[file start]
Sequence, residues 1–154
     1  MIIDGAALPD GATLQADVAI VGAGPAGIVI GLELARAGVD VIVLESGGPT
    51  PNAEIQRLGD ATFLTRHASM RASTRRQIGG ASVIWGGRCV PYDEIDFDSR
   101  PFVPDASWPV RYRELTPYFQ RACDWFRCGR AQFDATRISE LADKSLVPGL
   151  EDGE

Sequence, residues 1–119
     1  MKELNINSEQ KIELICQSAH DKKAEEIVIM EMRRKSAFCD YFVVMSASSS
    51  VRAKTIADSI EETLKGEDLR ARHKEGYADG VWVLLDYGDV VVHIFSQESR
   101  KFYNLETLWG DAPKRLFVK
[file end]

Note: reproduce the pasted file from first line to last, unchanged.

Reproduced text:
Sequence, residues 1–154
     1  MIIDGAALPD GATLQADVAI VGAGPAGIVI GLELARAGVD VIVLESGGPT
    51  PNAEIQRLGD ATFLTRHASM RASTRRQIGG ASVIWGGRCV PYDEIDFDSR
   101  PFVPDASWPV RYRELTPYFQ RACDWFRCGR AQFDATRISE LADKSLVPGL
   151  EDGE

Sequence, residues 1–119
     1  MKELNINSEQ KIELICQSAH DKKAEEIVIM EMRRKSAFCD YFVVMSASSS
    51  VRAKTIADSI EETLKGEDLR ARHKEGYADG VWVLLDYGDV VVHIFSQESR
   101  KFYNLETLWG DAPKRLFVK